by Nicole M. Cavanagh, Ph.D., LISW-AP/CPs
I teach a practice evaluation class to a group of master's level social work students. The basic premise of the course is to allow students to explore the parameters of their impact on client change through feedback and reflective thought. Change is the operative word. Students want to be effective AND they want to be liked. The unconditional positive regard they shower on their clients is returned somehow in positive affirmation of their skills or at least a “good relationship.” What I struggle with every class is that those two things are not the measure of practitioner success. Honestly, in most instances, it’s not even relevant (rapport building aside, that is).
The “magic” (if you will) is in the client’s readiness for change. How do you assess for readiness? How do you build rapport, ask the tough questions, and maintain some type of ethical practice while billing for services that a client may not be fully ready to engage in with you (or themselves)? Tough questions, I ask every week. Which brings me to Anabel.
Anabel is a mixed-breed dog living next door to me. She is about 18 months old and weighs 12 pounds. She is a delightful ball of enthusiasm and happiness. I’ve known Anabel since she was a pup and regularly shower her with belly rubs and ear massages. Whenever I ride by her house, she races to my side of our fence and greets me as if I was the most important person in the world. It really is an ego boost (receiving adoration from your neighbor’s dog). Anyhow, I began to notice that Anabel was no longer greeting me at our designated spot by the fencepost. I would walk over to the fence and call her name, and she would run over to me for “our time” in the yard.
This weighed on my deductive brain. “What has changed? What is different?” At first, I thought it was the jealous neighbors, trying to prohibit our friendship through mind-control tricks or yummy new snacks. But alas, I eventually had to turn the reflective lens inward and ask, “What has changed for me?” Much to my surprise, I found the change - I was driving a new car. Now, most of you would probably shake your head and say, “How obvious is that?” Well, my unsuspecting student, to our clients, the first reaction to negative outcomes is to look outside themselves for the cause of their problems.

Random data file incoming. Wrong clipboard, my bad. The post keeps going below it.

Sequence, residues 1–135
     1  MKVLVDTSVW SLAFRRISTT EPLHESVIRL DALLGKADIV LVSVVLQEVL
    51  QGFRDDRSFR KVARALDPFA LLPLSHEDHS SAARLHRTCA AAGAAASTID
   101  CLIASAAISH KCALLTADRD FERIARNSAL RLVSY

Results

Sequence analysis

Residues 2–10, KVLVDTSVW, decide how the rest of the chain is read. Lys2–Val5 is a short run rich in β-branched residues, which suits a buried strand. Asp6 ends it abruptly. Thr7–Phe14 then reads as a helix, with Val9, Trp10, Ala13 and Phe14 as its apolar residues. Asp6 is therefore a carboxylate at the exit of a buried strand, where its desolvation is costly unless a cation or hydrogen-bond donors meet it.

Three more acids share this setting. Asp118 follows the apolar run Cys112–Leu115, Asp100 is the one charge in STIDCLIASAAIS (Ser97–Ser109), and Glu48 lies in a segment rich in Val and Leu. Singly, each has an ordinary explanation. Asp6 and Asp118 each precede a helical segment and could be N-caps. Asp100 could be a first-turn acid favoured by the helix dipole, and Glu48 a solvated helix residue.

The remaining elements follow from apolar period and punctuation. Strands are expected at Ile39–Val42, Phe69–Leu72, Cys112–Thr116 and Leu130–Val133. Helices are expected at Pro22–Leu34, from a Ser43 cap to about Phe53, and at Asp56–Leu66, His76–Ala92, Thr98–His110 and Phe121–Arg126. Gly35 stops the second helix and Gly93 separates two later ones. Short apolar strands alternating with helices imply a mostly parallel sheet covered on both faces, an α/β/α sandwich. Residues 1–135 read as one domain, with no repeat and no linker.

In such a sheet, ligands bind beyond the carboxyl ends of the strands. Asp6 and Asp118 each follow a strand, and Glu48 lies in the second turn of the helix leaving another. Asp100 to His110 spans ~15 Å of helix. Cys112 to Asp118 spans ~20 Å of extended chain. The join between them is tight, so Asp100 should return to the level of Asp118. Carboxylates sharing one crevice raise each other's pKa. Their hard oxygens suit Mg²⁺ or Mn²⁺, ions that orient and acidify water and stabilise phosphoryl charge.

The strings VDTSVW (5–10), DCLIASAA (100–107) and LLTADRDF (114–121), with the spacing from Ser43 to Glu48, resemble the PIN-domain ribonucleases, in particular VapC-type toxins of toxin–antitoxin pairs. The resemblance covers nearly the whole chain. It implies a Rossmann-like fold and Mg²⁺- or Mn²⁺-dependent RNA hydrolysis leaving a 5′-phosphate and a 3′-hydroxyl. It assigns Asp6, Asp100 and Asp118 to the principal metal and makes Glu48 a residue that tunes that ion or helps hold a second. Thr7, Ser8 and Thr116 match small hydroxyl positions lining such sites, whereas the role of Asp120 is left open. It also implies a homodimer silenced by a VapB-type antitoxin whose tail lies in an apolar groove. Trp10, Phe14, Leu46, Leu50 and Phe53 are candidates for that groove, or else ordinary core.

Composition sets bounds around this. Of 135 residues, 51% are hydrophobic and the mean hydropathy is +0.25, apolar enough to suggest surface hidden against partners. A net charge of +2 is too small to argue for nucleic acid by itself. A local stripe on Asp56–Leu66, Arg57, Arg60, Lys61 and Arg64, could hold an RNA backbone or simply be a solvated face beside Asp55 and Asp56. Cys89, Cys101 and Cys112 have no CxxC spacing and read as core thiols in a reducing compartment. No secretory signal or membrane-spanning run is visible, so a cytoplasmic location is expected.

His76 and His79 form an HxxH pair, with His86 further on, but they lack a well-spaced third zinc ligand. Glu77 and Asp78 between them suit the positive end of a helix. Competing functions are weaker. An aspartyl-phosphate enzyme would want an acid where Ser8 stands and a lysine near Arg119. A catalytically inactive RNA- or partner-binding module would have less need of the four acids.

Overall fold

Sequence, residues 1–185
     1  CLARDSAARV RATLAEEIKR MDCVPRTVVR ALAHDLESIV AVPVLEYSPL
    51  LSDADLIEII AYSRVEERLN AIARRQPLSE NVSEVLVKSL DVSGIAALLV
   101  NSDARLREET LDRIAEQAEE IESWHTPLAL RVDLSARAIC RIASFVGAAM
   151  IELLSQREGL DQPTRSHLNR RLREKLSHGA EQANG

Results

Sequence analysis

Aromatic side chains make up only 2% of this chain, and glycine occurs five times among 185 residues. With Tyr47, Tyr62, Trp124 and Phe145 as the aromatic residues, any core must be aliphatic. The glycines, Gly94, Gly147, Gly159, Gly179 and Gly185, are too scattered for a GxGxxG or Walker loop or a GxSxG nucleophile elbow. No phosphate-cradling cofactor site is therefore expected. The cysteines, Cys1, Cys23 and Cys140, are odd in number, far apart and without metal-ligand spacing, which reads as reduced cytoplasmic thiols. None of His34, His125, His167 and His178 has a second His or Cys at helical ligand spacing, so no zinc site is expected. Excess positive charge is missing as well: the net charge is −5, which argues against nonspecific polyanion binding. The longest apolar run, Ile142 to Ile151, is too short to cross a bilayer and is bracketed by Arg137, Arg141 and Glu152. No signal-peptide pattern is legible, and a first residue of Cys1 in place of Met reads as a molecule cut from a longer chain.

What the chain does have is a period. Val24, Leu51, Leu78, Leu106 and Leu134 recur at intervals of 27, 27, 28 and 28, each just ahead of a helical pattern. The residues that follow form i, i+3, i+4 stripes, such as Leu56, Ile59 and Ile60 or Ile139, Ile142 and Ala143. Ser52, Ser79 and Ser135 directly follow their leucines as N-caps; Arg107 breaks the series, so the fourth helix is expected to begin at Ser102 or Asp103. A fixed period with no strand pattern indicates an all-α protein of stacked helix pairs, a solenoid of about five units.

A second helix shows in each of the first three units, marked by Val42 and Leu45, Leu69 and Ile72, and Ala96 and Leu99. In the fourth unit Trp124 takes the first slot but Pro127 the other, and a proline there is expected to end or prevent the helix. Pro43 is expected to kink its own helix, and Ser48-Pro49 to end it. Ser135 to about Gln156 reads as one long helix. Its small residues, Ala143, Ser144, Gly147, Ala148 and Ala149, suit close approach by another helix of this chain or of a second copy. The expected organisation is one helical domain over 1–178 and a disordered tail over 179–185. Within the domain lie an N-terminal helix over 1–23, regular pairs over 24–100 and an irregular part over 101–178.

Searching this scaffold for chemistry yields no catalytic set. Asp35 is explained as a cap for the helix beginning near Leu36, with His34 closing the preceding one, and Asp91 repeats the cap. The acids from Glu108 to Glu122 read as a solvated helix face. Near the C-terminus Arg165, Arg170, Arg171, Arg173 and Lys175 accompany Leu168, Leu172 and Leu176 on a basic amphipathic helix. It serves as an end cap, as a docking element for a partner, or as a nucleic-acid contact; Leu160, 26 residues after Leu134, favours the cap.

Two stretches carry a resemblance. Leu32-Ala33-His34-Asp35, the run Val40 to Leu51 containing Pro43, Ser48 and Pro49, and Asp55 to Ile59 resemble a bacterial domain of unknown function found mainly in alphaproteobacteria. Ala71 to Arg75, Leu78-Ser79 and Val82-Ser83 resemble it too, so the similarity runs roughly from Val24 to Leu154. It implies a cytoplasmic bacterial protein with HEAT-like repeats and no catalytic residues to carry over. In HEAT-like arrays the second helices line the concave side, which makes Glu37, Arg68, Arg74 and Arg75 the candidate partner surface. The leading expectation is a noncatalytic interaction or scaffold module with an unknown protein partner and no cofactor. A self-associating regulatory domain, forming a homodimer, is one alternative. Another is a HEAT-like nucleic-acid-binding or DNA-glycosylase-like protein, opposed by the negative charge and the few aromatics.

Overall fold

You see, my sweet Anabel knows and loves me. She also knows the car I used to drive. So she chose to ignore other vehicles, because her source of happiness came in the form of a grey Toyota Camry. True, when she saw me at our fencepost, she recognized me and boom... happiness. So I pulled my car up to the fencepost, jumped out, and voila...every day since then, my Anabel now greets me as I pull into my yard. Anabel wanted happiness but wasn’t able to recognize that something had changed. Lacking the skills to “reason” her way out of a dilemma, she allowed herself to be content with my efforts to greet her. This is depression (or any problem) at its core.
To my point, our goal as insightful, intuitive practitioners is to carefully assess and reassess not only our clients, but ourselves, to ensure that the magic of transformation occurs within the full range of possibilities. These possibilities live and breathe within our clients’ self-determination and capacity alongside our clinical skills and evaluation.
This is why we evaluate practice...belly rubs and ear massages.
Nicole M. Cavanagh, Ph.D., LISW-AP/CPs, is a full-time professor at the University of South Carolina teaching in both the master’s and bachelor’s social work programs. Additionally, she coordinates all the field placements for the BSW program.